"Theodore Roosevelt Island" Top 5 Page for this destination Parks / Gardens Tip by Ewingjr98

Parks / Gardens, Washington D.C.: 58 reviews and 115 photos

Theodore Roosevelt Island is a hidden, and rarely visited park maintained by the George Washington Parkway branch of the National Park Service. It is about 90 acres and it's most (only) important landmark is the Theodore Roosevelt Memorial. The Island covers about 90 acres of hardwoods and marshland and measures about 2/3 of a mile by 1/3 of a mile. The island has around four miles of trails including about a half mile of boardwalk over the swamps of the eastern side of the island.

The island was settled by local natives who apparently used it as a seasonal fishing village. Later it was owned by George Mason (one of the signers of the Declaration of Independence), then his son build a mansion here which became the center of the local social scene. Since about 1831 the island was mainly uninhabited other than a brief period of occupation by Union troops during the Civil War. Around 1906 the deserted mansion's remains were destroyed by fire, and the Washington Gas Light Company owned the island from 1913 to 1931. The island was purchased from Washington Gas Light Company by the Theodore Roosevelt Memorial Association in 1931. In 1932 Congress authorized the constriction of the memorial, though it was not completed until 1967.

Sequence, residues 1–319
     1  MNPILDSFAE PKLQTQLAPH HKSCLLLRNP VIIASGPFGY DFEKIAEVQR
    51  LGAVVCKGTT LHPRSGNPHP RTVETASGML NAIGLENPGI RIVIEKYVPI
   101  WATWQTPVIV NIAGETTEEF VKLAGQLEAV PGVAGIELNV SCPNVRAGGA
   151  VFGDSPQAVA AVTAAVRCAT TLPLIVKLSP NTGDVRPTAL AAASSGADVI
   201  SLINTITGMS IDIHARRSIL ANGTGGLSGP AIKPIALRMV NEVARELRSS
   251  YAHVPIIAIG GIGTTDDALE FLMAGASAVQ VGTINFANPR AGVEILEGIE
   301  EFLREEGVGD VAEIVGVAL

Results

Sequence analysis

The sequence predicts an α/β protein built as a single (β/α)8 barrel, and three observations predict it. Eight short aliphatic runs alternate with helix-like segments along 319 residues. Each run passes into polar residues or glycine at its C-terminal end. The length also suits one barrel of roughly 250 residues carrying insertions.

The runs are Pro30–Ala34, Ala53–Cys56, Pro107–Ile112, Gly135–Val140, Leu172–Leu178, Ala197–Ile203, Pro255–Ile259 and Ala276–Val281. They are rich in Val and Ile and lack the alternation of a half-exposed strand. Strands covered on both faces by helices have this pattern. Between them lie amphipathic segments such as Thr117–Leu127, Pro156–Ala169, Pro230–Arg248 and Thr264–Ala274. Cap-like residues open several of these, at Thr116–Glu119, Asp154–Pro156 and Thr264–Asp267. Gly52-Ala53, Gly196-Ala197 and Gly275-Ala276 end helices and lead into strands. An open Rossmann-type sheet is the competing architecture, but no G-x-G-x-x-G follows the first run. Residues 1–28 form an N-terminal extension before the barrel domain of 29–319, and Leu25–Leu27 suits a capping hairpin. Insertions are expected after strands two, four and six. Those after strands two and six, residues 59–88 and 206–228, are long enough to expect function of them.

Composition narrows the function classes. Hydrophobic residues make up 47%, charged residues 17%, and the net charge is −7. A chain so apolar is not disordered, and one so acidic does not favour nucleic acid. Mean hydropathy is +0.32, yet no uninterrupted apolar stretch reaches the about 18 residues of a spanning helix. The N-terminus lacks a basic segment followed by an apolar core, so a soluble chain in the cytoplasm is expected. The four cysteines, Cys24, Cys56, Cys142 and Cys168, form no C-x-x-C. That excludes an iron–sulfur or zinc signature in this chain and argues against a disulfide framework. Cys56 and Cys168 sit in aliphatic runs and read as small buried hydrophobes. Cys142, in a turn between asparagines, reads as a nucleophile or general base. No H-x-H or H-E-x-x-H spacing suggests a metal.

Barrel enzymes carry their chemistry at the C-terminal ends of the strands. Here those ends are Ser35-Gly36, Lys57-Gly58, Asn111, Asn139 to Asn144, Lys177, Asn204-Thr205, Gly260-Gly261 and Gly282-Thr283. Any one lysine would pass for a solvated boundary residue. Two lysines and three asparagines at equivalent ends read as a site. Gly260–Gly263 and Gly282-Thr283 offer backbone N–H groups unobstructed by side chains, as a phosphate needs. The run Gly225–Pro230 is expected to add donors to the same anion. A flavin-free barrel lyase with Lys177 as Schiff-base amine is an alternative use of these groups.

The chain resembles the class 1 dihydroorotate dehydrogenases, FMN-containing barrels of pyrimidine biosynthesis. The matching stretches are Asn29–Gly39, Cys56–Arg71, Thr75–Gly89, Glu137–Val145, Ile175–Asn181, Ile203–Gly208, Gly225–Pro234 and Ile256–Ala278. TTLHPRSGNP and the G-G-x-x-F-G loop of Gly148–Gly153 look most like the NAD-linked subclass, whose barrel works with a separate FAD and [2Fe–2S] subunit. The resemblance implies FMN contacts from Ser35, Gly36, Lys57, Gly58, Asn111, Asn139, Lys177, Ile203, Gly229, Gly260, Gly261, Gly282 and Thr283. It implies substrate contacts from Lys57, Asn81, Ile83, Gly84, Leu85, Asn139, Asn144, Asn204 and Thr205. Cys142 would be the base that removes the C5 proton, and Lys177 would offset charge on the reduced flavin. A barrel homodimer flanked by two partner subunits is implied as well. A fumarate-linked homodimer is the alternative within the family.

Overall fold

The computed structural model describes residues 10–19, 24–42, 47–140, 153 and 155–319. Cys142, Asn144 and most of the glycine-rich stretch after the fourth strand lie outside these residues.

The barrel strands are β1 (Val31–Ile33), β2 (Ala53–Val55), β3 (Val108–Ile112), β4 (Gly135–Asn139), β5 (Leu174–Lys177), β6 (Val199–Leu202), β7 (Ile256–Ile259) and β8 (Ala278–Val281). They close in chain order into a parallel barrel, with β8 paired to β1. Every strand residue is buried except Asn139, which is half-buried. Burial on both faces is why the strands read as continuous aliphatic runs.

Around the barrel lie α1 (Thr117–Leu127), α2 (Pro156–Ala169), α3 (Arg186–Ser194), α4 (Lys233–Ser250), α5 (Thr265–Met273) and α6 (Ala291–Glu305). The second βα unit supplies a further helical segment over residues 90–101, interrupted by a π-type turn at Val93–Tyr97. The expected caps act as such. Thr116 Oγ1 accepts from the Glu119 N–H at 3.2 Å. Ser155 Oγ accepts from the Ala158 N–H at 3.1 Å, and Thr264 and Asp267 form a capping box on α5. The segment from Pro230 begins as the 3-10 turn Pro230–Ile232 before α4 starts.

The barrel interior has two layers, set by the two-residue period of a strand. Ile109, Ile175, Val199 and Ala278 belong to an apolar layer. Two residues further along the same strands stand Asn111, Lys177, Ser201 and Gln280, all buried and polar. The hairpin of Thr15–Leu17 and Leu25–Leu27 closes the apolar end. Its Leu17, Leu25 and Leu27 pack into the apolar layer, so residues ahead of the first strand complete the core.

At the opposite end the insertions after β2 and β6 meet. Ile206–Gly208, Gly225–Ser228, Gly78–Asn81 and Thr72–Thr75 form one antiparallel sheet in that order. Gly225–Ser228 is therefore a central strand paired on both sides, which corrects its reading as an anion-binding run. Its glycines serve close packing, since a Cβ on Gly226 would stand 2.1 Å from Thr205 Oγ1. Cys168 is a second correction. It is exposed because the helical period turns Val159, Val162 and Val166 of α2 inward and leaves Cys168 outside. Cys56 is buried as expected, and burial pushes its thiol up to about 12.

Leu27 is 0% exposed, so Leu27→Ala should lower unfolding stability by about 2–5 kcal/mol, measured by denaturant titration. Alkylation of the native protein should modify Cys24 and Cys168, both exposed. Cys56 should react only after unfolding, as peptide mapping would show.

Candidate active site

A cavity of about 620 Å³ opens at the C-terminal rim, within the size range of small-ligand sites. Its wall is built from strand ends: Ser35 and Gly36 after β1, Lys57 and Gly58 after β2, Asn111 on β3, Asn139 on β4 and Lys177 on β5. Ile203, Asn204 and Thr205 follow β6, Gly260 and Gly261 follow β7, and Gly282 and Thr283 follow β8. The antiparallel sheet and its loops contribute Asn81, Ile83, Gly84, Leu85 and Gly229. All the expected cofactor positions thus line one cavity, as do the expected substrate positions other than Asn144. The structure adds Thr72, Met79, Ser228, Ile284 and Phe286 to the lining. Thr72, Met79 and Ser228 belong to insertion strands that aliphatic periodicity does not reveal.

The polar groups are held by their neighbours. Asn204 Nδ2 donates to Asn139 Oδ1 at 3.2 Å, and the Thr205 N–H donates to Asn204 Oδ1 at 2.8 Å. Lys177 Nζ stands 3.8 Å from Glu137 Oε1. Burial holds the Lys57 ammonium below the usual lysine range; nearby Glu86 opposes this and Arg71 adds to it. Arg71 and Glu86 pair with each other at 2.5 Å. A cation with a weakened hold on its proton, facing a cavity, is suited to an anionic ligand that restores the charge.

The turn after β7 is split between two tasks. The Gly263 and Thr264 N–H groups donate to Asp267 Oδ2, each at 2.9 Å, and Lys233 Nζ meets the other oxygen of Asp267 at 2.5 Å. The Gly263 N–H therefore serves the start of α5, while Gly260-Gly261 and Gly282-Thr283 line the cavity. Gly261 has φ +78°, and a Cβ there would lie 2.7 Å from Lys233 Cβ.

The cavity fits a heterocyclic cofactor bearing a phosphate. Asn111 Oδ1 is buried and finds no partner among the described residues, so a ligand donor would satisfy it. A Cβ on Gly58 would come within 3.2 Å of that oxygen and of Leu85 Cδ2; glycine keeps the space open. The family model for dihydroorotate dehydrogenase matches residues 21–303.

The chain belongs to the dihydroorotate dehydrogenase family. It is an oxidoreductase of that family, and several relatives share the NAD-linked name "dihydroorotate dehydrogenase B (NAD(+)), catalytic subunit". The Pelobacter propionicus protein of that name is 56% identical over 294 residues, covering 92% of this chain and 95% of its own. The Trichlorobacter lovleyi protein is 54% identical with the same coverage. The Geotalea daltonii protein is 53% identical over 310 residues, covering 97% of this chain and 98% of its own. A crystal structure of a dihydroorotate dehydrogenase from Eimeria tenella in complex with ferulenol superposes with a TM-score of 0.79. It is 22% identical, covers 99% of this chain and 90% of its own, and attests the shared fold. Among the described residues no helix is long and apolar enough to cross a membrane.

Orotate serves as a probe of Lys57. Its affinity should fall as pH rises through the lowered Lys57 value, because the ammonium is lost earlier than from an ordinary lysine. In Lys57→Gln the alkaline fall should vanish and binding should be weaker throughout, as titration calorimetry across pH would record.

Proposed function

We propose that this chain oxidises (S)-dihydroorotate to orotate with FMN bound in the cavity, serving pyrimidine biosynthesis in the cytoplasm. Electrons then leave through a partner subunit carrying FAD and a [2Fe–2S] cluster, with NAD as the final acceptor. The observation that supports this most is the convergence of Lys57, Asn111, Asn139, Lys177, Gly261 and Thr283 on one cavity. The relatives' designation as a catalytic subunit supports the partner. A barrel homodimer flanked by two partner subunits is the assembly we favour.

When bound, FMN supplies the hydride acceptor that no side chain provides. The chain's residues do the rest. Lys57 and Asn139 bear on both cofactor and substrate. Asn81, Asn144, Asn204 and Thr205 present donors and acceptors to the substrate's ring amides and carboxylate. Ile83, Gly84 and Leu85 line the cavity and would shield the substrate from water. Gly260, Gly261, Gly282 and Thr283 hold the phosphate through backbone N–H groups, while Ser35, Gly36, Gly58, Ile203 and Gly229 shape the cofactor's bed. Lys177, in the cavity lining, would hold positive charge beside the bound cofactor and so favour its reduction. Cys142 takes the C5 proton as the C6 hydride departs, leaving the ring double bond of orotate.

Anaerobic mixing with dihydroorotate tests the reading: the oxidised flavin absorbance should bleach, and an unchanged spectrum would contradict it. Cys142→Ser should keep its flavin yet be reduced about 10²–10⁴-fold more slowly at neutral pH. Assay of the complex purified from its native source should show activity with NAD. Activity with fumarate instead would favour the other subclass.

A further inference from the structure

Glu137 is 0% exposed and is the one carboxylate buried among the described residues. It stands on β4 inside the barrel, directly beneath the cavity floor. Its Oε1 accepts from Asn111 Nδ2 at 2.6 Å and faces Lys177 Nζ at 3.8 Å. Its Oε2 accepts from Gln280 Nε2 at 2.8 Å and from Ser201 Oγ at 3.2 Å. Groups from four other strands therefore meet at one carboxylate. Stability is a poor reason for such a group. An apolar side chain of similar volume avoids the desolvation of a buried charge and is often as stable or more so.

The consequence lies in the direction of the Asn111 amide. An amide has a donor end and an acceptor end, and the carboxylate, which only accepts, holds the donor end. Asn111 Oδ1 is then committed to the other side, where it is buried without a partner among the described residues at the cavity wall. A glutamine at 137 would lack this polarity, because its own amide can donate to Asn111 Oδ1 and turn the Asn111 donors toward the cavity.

You should park at the small parking area on the northbound lanes (actually heading west) of the George Washington Memorial Parkway next in Rosslyn, Virginia (but the Island itself is considered part of DC). From this parking lot with maybe 100 parking spaces, there is an arched concrete bridge leading over a small channel of the Potomac. After crossing the bridge to the island the trails become relatively level packed earth going in either direction. Also at the end of the bridge on the island is a National Park Service sign with maps of the island, maps of the George Washington Memorial Parkway, and other information brochures. A quick turn to the right, then up the hill will lead you straight to the Monument. Trails run both directions from the base of the bridge.

By Metro, go Rosslyn on the Orange and Blue Lines, then its a 6-block walk.

Phone: (703) 289-2500
Website: http://www.nps.gov/this/

Review Helpfulness: 3.5 out of 5 stars

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  • Updated Dec 7, 2008
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